The program of scientific research and experimental development (SR&ED) is an incentive program to encourage Canadian businesses of all sizes in a variety of sectors to conduct R&D in Canada to develop or improve products or processes (technological advancement).
According to the Income Tax Act, the SR&ED is defined as follows:
« A systematic investigation or research addressing scientific or technological uncertainty by the means of experimentations or analysis »
Within the SCIENTIFIC RESEARCH (SR) :
a) Basic research: work undertaken to advance scientific knowledge without practical application in view;
b) Applied research: work undertaken for the advancement of science with practical application in view.
Within the EXPERIMENTAL DEVELOPMENT (ED) :
c)The experimental development work undertaken in the interest of technological advances to create new materials, devices, products or processes or the improvement of the existing ones, even if the attempted improvement is not substantial.
For the purposes of this definition, the following activities are included in the scientific research and experimental development:
The work undertaken by the taxpayer or on his behalf relative to engineering, design, operations research, mathematical analysis, computer programming, data collection, testing and psychological research, where the work is proportional with the needs of the work described in paragraph a), b) or c) that is undertaken in Canada by the taxpayer or for him or used to support them directly.
An activity is eligible when it is performed to get over a technical problem or an obstacle that can only be resolved by the means of experiments.
There are four types of eligible activities. These can consist in creating and / or improving products, or in creating and / or improving manufacturing processes. A project can be classified simultaneously in several of these types of activities according to the work done by the team. For example, when creating a new product, the company may have to improve one of its existing processes.
1. Technological obstacles
These are the shortcomings and/or limitations of the current state of technology that prevented you from developing the new or improved capacities.
Technological problems and uncertainties that you had to overcome when the company was trying to achieve the technological advancements must be detailed and described.
2. Advancements (technological or scientific)
The research should have been performed to try to reach a new capacity or to allow an improvement over the existing state of knowledge in the field of technology.
The company should have acquired additional technological knowledge as a result of the work, regardless of success or failure of the project.
In other words, the company must reach a technological level higher than the one that existed at the beginning of the fiscal year.
3. Experimental work (scientific approach)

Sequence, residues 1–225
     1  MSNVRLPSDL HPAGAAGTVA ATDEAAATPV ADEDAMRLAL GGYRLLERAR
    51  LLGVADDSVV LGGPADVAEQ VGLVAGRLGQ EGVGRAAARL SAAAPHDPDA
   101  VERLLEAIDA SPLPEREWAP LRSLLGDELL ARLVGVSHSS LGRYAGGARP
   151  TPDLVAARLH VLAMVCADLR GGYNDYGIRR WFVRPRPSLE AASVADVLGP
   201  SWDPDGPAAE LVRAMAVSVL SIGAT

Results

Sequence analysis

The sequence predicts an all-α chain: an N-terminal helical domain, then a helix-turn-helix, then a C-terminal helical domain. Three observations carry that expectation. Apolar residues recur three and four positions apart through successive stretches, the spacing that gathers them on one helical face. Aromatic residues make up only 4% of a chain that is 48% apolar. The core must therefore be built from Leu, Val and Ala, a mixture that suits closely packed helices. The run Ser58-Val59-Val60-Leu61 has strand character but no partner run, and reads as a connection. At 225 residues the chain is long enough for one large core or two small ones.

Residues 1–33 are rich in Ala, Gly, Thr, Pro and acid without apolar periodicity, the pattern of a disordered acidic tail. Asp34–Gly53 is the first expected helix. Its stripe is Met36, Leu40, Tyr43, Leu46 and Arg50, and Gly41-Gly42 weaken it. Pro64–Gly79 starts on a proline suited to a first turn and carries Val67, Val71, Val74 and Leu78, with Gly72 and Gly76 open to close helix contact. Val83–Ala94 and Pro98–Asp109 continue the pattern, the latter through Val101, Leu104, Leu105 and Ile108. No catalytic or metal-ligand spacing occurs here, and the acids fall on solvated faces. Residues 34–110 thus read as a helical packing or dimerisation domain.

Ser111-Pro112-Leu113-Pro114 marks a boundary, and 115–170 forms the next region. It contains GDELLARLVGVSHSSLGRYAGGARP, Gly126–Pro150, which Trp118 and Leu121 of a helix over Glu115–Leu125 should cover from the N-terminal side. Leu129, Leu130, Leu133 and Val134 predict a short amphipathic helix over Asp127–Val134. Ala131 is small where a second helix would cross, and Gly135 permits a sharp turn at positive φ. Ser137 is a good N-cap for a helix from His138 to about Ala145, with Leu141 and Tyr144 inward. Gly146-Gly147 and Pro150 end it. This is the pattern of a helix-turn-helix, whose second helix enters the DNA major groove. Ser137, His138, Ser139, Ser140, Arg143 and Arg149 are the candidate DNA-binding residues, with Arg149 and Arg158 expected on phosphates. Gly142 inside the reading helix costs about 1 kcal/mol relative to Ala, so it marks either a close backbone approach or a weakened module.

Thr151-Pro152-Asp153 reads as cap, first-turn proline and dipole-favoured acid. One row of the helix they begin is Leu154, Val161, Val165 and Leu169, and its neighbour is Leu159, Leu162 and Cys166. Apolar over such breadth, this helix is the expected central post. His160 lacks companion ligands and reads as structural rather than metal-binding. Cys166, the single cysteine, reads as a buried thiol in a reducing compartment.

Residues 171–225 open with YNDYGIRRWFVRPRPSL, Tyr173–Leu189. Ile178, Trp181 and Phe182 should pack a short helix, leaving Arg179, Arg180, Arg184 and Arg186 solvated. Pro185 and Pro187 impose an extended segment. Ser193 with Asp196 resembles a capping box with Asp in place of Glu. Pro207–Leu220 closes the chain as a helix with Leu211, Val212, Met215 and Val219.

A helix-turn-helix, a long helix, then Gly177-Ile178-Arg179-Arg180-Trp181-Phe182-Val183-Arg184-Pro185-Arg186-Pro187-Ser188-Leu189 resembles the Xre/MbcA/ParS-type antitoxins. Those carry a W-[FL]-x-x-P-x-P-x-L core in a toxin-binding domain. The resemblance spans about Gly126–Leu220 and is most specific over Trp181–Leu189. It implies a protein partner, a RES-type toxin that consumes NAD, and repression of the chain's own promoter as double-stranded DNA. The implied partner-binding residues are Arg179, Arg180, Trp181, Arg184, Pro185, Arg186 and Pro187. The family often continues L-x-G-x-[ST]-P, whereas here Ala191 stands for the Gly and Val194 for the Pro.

We often hear about a process of trial and error, but an activity of SR&ED should include a systematic investigation consisting in:
1. Formulation of a hypothesis;
2. Verification by experiment or analysis;
3. Formulation of conclusions according to the results.
The method of experimentation or analysis to overcome the technological barriers must be clearly explained.
- Formulation of targeted technological advancements (preferably measurable);
- Steps to overcome technological obstacles;
- Brain-storming activities, formulation of hypothesis to be validated;
- Definition of testing protocols, assignment of personnel, definition of priorities, development of technological strategies, quality of materials used, etc);
- Initial design of products, of processes or equipments;
- Development of a prototype;
- Technical documentation for internal use (to be used to support the claim);
- Experiments and analysis results;
- Direct supervision of employees;
- Corrections and modifications;
- Synthesis of technical results and conclusions;
- SR&ED support work (engineering, conception, operational research, mathematical analysis, programming, data acquisition, tests, psychological research, etc.).
- Market studies;
- Research funding;
- Commercial production;
- Testing of normal materials, devices, products or processes;
- Promotion of sales;
- Changes in style or aesthetics;
- Quality control;
- General training;
- Patent applications;
- Research in social sciences and humanities.
- Legal and accounting fees;
- Financial expenses;
- Expenses related to a conference;
- Licenses and taxes;
- Facility improvements.
Rate of tax credits based on the fiscal situation of the company
- State-owned or foreign-owned companies are automatically considered a large company.
- A non-profit company is not eligible for the SR&ED since it does not pay taxes.
Note: This table does not include registered companies.
Percentage of federal and provincial combined tax credits
* The federal credit is not refundable, but applicable only to the tax paid or payable in the context of a large company in federal
Caution : Due to the presence of many exceptions and characteristics in the tax laws, the opinion of an adviser in SR&ED is essential before using these percentages in your calculations of budget estimates.